Section 1334(b) of the Judicial Code sets forth three categories of civil proceedings over which the district courts (and the bankruptcy courts by reference) have original, but not exclusive, jurisdiction: (1) those "arising under title 11," (2) those "arising in" bankruptcy cases and (3) those "related to" such cases. 28 U.S.C. § 1334(b). See Stern v. Marshall , 564 U.S. 462, 473, 131 S.Ct. 2594, 180 L.Ed.2d 475 (2011) ; Bavelis v. Doukas (In re Bavelis) , 453 B.R. 832, 851–52 (Bankr. S.D. Ohio 2011).3 Although the Doukas Defendants concede that the Court has "arising under" jurisdiction to rule on the avoidance of the transfers of the membership interests in the Bavelis–Qureshi LLCs as fraudulent transfers under §§ 548 and 544(b) of the Bankruptcy Code,4 the Doukas Defendants argue that the Court lacks jurisdiction to hear the state law claims on which proposed findings of fact and conclusions of law are being submitted (the "State Law Claims"). Adv. Doc. 616 at 13–19; Adv. Doc. 677 at 14–19.5 Because the State Law Claims neither "aris[e] under title 11" nor "aris[e] in ... a case under title 11," 28 U.S.C. § 1334(b), the Court may exercise jurisdiction over them only if they are "related to a case under title 11." Id.

"The usual articulation of the test for determining whether a civil proceeding is related to bankruptcy is whether the outcome of that proceeding could conceivably have any effect on the estate being administered in bankruptcy." Mich. Emp't Sec. Comm'n v. Wolverine Radio Co. (In re Wolverine Radio Co.) , 930 F.2d 1132, 1142 (6th Cir. 1991) (quoting Pacor, Inc. v. Higgins , 743 F.2d 984, 994 (3d Cir. 1984) ).

The Court previously made a determination that it has related-to jurisdiction over the State Law Claims. See Bavelis , 453 B.R. at 851 ("In short, the Court has jurisdiction over the claims for relief set forth in each count of the Complaint because each of these claims either arises under the Bankruptcy Code or is related to [Bavelis's] bankruptcy case."). Indeed, the Court has found that the "outcome of the [State Law Claims] ... conceivably could have an effect on the estate," because Bavelis was "acting in his capacity as the debtor in possession, and any recovery obtained by [Bavelis] would be for the benefit of his bankruptcy estate." Id. at 853. The manner in which the recovery from this adversary proceeding could conceivably benefit creditors of the bankruptcy estate was made clear in Bavelis's confirmed Chapter 11 plan, which provides for 100% repayment of creditors' claims. See Doc. 712 at 9–10 (defining "Retained Actions Net Proceeds" as including "consideration received ... as a result of a settlement ... or from the enforcement of any judgment obtained with respect to any of the Retained Actions"); Id . Ex. 2 (providing that "Retained Actions" includes all claims and causes of action in Adv. Pro. No. 10–2508); Id . at 22 (providing that "[Bavelis] may utilize any portion of Retained Actions Net Proceeds to fund any [of his] obligation[s] under this Plan ... and the repayment of any other obligation for funds borrowed on or after the Effective Date to fund [Bavelis's] obligations under this Plan").6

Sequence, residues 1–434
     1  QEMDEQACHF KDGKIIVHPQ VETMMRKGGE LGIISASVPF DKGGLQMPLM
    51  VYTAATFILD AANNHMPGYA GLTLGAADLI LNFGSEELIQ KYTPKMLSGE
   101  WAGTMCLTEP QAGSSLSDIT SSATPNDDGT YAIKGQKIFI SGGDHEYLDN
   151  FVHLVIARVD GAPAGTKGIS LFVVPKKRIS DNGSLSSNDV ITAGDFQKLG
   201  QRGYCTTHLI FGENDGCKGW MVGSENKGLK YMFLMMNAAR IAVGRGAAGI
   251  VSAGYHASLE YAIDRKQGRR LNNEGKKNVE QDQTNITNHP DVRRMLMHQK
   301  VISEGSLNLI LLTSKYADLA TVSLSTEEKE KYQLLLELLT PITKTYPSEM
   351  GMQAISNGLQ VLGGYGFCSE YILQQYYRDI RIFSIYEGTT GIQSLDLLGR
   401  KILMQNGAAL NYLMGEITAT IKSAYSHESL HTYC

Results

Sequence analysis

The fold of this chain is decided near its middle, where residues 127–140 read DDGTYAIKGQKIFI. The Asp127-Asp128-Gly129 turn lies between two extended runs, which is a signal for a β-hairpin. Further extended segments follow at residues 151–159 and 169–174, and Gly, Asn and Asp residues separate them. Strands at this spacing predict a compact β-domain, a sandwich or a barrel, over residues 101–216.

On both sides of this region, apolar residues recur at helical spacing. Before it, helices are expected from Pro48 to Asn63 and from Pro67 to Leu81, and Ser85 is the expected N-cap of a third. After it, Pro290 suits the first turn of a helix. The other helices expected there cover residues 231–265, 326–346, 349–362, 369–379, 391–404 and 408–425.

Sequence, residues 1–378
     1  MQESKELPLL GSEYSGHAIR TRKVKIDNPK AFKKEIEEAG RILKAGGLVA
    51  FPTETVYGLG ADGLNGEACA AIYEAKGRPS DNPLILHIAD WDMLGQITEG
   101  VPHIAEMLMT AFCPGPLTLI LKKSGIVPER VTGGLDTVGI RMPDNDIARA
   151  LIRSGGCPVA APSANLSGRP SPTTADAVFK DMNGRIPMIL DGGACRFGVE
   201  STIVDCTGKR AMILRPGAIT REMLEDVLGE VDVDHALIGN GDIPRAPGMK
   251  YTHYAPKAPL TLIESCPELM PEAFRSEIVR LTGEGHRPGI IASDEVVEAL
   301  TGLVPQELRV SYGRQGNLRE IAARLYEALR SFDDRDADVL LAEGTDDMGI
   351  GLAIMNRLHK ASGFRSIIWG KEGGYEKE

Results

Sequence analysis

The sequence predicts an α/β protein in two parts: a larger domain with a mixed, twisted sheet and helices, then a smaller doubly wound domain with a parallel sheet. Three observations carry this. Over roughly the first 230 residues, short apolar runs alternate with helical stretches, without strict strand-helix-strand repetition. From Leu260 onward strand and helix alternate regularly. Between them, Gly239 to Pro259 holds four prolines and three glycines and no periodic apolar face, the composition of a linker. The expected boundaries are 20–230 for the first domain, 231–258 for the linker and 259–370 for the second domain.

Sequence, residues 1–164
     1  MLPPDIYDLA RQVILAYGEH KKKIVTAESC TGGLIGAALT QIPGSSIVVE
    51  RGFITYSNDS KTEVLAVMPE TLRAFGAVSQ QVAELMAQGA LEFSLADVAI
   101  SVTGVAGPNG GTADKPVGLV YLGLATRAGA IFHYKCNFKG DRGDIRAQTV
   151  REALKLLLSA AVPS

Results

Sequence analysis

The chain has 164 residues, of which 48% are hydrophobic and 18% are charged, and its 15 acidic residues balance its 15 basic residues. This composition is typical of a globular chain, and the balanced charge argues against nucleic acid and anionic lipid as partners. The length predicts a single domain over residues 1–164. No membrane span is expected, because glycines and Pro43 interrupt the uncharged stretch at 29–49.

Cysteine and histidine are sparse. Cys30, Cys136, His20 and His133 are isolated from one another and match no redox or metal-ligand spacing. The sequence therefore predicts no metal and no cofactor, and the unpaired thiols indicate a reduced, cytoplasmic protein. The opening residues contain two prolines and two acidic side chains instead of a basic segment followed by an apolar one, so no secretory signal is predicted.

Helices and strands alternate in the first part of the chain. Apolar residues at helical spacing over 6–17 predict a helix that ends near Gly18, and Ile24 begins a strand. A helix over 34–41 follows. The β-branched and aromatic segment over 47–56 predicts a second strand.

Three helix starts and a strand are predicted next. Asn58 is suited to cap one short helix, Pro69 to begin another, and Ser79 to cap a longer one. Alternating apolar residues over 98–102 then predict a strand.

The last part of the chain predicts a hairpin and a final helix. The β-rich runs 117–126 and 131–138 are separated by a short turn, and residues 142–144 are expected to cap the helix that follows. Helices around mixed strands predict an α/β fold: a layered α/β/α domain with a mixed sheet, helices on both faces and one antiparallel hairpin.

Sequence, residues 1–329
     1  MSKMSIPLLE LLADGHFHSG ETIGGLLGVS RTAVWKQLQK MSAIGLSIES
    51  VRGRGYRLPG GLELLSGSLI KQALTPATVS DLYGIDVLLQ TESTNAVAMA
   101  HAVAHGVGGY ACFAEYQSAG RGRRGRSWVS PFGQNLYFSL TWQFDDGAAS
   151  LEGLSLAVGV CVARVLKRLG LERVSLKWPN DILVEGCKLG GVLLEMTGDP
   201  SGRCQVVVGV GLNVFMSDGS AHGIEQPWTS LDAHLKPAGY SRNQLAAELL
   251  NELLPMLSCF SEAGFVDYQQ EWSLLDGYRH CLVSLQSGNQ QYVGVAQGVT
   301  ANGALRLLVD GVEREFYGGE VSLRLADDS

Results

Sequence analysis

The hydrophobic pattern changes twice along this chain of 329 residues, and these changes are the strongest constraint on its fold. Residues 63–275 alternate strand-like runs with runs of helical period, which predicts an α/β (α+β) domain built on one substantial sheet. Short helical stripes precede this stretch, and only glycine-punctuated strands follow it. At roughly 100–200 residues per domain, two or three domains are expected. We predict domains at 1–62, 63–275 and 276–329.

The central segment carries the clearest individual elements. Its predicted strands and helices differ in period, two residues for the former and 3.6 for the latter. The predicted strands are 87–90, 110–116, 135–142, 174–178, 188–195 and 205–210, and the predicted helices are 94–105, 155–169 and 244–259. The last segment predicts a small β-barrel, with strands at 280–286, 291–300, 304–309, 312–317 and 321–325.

Doukas, however, maintains that the confirmation of Bavelis's Chapter 11 plan and the proposed full payment of his creditors has deprived the Court of jurisdiction over the State Law Claims under the close-nexus test for bankruptcy jurisdiction. Adv. Doc. 677 at 15–19. Under the close-nexus test, jurisdiction following confirmation is limited to "[m]atters that affect the interpretation, implementation, consummation, execution, or administration of the confirmed plan." Binder v. Price Waterhouse & Co. (In re Resorts Int'l, Inc.) , 372 F.3d 154, 167 (3d Cir. 2004) ; In re Thickstun Bros. Equip. Co. , 344 B.R. 515, 521 (6th Cir. BAP 2006). But Bavelis commenced this adversary proceeding on October 20, 2010, long before his Chapter 11 plan was confirmed on December 12, 2014. And as the circuit court of appeals that developed the close-nexus test (the Third Circuit) itself has clarified, that test applies only to actions filed post-confirmation , while the conceivability standard of Pacor applies to actions filed pre-confirmation . See Geruschat v. Ernst Young LLP (In re Seven Fields Dev. Corp.) , 505 F.3d 237, 265 (3d Cir. 2007) ("[W]ith respect to 'related to' jurisdiction, the Pacor test applies in all disputes raised pre-confirmation and the 'close nexus' test applies in all disputes raised post-confirmation, regardless of when the conduct alleged in the complaint occurred."); ConocoPhillips Co. v. SemGroup, L.P. (In re SemCrude, L.P.) , 428 B.R. 82, 96–98 (Bankr. D. Del. 2010) ; Liquidating Tr. v. Granite Fin. Sols., Inc. (In re MPC Computs., LLC) , 465 B.R. 384, 392 (Bankr. D. Del. 2012).7

This is because "[i]t has long been the case that the 'jurisdiction of the court depends upon the state of things at the time of the action brought.' " SemCrude , 428 B.R. at...

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    ... ... preponderance of the evidence." In re Bavelis , ... No. 13-8015, 2013 WL 6672988, at *12 (B.A.P. 6th Cir. Dec ... 19, 2013) ( ... objections sustained in part and overruled in part sub ... nom. Bavelis v. Doukas , No. 2:17-CV-0327, 2019 WL 101916 ... (S.D. Ohio Jan. 4, 2019), aff'd in part, vacated in ... ...